Wednesday Is Indigo Blue
Discovering the Brain of Synesthesia
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A person with synesthesia might feel the flavor of food on herfingertips, sense the letter "J" as shimmering magenta or the number"5" as emerald green, hear and taste her husband's voice as buttery goldenbrown. Synesthetes rarely talk about their peculiar sensory gift--believing eitherthat everyone else senses the world exactly as they do, or that no one else does.Yet synesthesia occurs in one in twenty people, and is even more common amongartists. One famous synesthete was novelist Vladimir Nabokov, who insisted as atoddler that the colors on his wooden alphabet blocks were "all wrong."His mother understood exactly what he meant because she, too, had synesthesia.Nabokov's son Dmitri, who recounts this tale in the afterword to this book, is alsoa synesthete--further illustrating how synesthesia runs in families. In Wednesday IsIndigo Blue, pioneering researcher Richard Cytowic and distinguished neuroscientistDavid Eagleman explain the neuroscience and genetics behind synesthesia'smultisensory experiences. Because synesthesia contradicted existing theory, Cytowicspent twenty years persuading colleagues that it was a real--and important--brainphenomenon rather than a mere curiosity. Today scientists in fifteen countries areexploring synesthesia and how it is changing the traditional view of how the brainworks. Cytowic and Eagleman argue that perception is already multisensory, thoughfor most of us its multiple dimensions exist beyond the reach of consciousness.Reality, they point out, is more subjective than most people realize. No merecuriosity, synesthesia is a window on the mind and brain, highlighting the amazingdifferences in the way people see the world.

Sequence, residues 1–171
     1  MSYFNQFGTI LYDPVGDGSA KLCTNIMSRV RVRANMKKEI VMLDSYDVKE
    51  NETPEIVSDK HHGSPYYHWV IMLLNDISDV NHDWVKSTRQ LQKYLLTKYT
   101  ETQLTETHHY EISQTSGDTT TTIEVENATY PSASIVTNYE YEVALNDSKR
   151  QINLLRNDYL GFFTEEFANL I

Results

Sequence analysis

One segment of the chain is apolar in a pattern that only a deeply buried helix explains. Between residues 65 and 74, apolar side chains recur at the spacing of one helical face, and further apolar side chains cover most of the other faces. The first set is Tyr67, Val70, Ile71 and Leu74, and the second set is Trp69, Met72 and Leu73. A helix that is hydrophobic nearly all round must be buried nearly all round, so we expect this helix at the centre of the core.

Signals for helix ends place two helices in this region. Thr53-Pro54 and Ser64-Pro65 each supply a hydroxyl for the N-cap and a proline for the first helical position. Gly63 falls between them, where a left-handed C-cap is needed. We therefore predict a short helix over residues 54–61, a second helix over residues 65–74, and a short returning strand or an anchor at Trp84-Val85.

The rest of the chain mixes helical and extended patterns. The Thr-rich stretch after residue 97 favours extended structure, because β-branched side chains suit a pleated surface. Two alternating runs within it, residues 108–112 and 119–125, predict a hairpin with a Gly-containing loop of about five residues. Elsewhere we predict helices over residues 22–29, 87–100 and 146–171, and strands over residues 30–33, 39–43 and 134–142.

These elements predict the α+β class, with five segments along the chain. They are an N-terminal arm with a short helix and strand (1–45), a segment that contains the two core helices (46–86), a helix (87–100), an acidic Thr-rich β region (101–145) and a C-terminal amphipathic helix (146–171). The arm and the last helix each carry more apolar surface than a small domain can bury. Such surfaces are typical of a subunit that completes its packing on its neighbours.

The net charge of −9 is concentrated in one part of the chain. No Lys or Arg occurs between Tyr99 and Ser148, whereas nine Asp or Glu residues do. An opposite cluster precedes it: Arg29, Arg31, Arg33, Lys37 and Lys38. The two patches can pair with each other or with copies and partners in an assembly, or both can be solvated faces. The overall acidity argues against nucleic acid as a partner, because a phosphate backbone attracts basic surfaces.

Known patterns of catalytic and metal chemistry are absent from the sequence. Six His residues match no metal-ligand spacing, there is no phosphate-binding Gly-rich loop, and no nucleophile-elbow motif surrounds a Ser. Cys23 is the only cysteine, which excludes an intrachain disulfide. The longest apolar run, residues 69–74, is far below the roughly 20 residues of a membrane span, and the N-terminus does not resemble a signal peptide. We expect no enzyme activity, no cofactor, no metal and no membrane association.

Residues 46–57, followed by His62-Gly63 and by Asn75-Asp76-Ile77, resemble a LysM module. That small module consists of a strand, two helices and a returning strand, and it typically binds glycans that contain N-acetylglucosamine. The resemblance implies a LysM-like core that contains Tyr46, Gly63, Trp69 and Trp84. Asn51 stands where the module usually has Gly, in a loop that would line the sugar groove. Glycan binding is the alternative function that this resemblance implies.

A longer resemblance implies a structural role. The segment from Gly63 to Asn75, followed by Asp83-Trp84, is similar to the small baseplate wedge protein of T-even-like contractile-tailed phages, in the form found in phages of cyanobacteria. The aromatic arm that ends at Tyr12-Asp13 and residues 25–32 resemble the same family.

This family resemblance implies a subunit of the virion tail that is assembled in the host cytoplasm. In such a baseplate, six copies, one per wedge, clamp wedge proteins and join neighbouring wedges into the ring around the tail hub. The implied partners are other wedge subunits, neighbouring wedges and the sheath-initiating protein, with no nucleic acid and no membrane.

MIT Press (MA), 9780262012799, 309pp.
Publication Date: February 1, 2009